Vamsi Nekkanti looks at the future of data centers – in space and underwater
Data centers can now be found on land all over the world, and more are being built all the time. Because a lot of land is already being utilized for them, Microsoft is creating waves in the business by performing trials of enclosed data centers in the water.
They have already submitted a patent application for an Artificial Reef Data Center, an underwater cloud with a cooling system that employs the ocean as a large heat exchanger and intrusion detection for submerged data centers. So, with the possibility of an underwater cloud becoming a reality, is space the next-or final-frontier?
As the cost of developing and launching satellites continues to fall, the next big thing is combining IT (Information Technology) principles with satellite operations to provide data center services into Earth orbit and beyond.
Until recently, satellite hardware and software were inextricably linked and purpose-built for a single purpose. With the emergence of commercial-off-the-shelf processors, open standards software, and standardized hardware, firms may reuse orbiting satellites for multiple activities by simply downloading new software and sharing a single spacecraft by hosting hardware for two or more users.
This “Space as a Service” idea may be used to run multi-tenant hardware in a micro-colocation model or to provide virtual server capacity for computing “above the clouds.” Several space firms are incorporating micro-data centers into their designs, allowing them to analyze satellite imaging data or monitor dispersed sensors for Internet of Things (IoT) applications.
HPE Spaceborne Computer-2 (a set of HPE Edgeline Converged EL4000 Edge and HPE ProLiant machines, each with an Nvidia T4 GPU to support AI workloads) is the first commercial edge computing and AI solution installed on the International Space Station in the first half of 2021 (Image credit: NASA)
Advantages of Space Data Centers
The data center will collect satellite data, including images, and analyze it locally. Only valuable data is transmitted down to Earth, decreasing transmission costs, and slowing the rate at which critical data is sent down.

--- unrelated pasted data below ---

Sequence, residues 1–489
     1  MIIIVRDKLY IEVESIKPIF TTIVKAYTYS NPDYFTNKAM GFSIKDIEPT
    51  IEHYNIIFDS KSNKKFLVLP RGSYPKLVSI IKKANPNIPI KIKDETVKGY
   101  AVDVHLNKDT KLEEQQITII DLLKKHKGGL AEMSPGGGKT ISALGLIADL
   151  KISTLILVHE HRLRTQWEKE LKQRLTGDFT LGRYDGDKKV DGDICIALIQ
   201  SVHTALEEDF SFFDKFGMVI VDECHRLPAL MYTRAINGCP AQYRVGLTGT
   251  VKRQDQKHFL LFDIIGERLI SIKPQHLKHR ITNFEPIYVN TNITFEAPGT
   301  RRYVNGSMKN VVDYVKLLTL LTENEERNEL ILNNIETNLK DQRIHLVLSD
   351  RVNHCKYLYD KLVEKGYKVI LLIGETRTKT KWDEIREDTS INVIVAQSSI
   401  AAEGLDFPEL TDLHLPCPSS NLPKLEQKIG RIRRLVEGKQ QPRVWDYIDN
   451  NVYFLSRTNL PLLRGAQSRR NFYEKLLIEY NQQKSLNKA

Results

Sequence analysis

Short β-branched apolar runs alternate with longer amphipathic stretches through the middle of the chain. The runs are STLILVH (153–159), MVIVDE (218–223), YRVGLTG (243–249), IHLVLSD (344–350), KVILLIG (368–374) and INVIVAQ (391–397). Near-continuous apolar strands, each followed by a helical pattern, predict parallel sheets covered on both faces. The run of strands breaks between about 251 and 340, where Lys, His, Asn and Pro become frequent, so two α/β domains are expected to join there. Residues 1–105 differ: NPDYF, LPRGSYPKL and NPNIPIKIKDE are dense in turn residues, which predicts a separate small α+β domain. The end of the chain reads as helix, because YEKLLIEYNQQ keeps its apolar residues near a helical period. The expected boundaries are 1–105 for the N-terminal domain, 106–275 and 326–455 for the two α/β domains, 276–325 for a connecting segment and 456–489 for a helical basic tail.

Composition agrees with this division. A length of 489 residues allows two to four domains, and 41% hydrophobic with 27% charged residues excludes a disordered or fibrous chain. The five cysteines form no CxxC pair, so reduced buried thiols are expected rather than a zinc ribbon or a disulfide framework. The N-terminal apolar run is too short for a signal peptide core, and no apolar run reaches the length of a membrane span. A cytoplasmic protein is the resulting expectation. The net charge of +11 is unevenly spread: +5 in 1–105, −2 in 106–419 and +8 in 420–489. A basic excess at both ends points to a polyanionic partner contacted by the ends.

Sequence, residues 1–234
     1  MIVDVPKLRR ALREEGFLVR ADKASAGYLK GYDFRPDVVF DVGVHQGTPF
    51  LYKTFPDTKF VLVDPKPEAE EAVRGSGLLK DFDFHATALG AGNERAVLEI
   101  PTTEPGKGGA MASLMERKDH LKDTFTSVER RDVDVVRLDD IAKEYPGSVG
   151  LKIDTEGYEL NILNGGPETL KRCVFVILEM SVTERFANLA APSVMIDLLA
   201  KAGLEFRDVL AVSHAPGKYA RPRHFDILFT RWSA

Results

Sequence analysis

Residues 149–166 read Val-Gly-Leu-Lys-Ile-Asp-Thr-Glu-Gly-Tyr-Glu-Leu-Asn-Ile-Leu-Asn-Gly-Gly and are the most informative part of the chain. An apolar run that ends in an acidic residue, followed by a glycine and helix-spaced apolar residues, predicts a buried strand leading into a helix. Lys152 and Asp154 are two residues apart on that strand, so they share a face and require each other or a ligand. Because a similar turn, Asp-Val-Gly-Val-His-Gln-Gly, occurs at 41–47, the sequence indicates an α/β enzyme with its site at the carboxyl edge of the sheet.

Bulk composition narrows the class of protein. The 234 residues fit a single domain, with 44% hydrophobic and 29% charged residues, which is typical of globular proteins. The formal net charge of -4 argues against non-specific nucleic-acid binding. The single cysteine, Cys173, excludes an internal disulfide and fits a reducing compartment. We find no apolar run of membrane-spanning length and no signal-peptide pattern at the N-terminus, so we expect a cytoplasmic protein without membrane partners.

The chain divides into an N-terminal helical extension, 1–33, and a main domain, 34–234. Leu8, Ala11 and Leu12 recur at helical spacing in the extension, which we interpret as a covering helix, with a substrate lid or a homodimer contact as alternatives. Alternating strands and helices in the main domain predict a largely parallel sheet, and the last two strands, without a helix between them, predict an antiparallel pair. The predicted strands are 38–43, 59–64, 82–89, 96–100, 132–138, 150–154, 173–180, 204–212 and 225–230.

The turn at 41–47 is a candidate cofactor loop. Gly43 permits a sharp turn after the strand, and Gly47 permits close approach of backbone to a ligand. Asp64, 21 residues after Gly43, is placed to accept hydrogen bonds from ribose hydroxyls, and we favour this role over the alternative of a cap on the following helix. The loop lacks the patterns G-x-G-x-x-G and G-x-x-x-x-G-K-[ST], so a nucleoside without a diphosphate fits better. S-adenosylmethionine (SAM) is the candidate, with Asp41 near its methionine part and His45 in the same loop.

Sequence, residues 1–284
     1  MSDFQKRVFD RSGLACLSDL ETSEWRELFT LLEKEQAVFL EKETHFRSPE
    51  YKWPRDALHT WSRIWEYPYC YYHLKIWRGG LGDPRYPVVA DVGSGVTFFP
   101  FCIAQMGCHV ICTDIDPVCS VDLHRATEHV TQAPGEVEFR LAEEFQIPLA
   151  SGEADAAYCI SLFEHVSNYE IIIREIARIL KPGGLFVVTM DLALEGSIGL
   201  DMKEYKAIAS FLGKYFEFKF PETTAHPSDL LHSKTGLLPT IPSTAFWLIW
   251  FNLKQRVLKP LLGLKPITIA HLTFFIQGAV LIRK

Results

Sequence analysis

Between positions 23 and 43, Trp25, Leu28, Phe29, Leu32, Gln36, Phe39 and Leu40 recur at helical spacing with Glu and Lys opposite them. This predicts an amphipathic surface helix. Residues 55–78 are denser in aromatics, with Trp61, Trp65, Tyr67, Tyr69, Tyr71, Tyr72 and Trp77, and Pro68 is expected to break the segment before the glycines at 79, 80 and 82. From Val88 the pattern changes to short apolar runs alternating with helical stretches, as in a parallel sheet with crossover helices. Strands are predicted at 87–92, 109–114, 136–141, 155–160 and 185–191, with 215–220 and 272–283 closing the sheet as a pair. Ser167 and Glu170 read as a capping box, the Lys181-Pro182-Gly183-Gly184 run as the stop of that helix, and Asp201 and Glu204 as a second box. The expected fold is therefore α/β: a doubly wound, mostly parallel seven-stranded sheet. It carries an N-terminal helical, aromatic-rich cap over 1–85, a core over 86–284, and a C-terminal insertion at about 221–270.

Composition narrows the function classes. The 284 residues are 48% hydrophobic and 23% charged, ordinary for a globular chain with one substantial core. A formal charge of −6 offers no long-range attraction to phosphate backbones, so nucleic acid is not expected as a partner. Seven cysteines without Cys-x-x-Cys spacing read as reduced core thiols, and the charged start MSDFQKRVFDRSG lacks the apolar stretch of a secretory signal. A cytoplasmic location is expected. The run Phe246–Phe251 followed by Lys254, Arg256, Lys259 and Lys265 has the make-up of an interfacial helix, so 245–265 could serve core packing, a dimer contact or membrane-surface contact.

The data center might be powered by free, abundant solar radiation and cooled by the chilly emptiness of space. Outside of a solar flare or a meteorite, there would be a minimal probability of a natural calamity taking down the data center. Spinning disc drives would benefit from the space environment. The lack of gravity allows the drives to spin more freely, while the extreme cold in space helps the servers to handle more data without overheating.
Separately, the European Space Agency is collaborating with Intel and Ubotica on the PhiSat-1, a CubeSat with AI (Artificial Intelligence) computing aboard. LyteLoop, a start-up, seeks to cover the sky with light-based data storage satellites.
NTT and SKY Perfect JV want to begin commercial services in 2025 and have identified three primary potential prospects for the technology.
The first, a “space sensing project,” would develop an integrated space and earth sensing platform that will collect data from IoT terminals deployed throughout the world and deliver a service utilizing the world’s first low earth orbit satellite MIMO (Multiple Input Multiple Output) technology.
The space data center will be powered by NTT’s photonics-electronics convergence technology, which decreases satellite power consumption and has a stronger capacity to resist the detrimental effects of radiation in space.
Finally, the JV is looking into “beyond 5G/6G” applications to potentially offer ultra-wide, super-fast mobile connection from space.
The Challenge of Space-Based Data Centers
Of course, there is one major obstacle when it comes to space-based data centers. Unlike undersea data centers, which might theoretically be elevated or made accessible to humans, data centers launched into space would have to be completely maintenance-free. That is a significant obstacle to overcome because sending out IT astronauts for repair or maintenance missions is neither feasible nor cost-effective! Furthermore, many firms like to know exactly where their data is housed and to be able to visit a physical site where they can see their servers in action.
While there are some obvious benefits in terms of speed, there are also concerns associated with pushing data and computing power into orbit. In 2018, Capitol Technology University published an analysis of many unique threats to satellite operations, including geomagnetic storms that cripple electronics, space dust that turns to hot plasma when it reaches the spacecraft, and collisions with other objects in a similar orbit.
The concept of space-based data centers is intriguing, but for the time being-and until many problems are worked out-data centers will continue to dot the terrain and the ocean floor.